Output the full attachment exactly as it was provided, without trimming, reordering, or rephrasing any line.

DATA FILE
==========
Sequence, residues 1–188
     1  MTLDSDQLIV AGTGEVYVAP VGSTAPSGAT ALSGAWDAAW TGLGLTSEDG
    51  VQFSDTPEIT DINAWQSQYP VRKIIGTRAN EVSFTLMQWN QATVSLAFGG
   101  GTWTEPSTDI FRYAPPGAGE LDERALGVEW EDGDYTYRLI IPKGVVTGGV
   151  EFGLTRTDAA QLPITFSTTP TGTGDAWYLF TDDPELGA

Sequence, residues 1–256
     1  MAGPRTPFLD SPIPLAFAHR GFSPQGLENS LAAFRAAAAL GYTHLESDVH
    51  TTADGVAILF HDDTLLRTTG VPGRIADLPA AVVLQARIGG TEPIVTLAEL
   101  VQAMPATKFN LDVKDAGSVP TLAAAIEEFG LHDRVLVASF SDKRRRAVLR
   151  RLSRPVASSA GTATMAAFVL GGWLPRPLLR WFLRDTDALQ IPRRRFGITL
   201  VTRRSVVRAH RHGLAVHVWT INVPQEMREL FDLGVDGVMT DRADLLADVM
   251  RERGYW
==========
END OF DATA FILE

Sequence, residues 1–188
     1  MTLDSDQLIV AGTGEVYVAP VGSTAPSGAT ALSGAWDAAW TGLGLTSEDG
    51  VQFSDTPEIT DINAWQSQYP VRKIIGTRAN EVSFTLMQWN QATVSLAFGG
   101  GTWTEPSTDI FRYAPPGAGE LDERALGVEW EDGDYTYRLI IPKGVVTGGV
   151  EFGLTRTDAA QLPITFSTTP TGTGDAWYLF TDDPELGA

Sequence, residues 1–256
     1  MAGPRTPFLD SPIPLAFAHR GFSPQGLENS LAAFRAAAAL GYTHLESDVH
    51  TTADGVAILF HDDTLLRTTG VPGRIADLPA AVVLQARIGG TEPIVTLAEL
   101  VQAMPATKFN LDVKDAGSVP TLAAAIEEFG LHDRVLVASF SDKRRRAVLR
   151  RLSRPVASSA GTATMAAFVL GGWLPRPLLR WFLRDTDALQ IPRRRFGITL
   201  VTRRSVVRAH RHGLAVHVWT INVPQEMREL FDLGVDGVMT DRADLLADVM
   251  RERGYW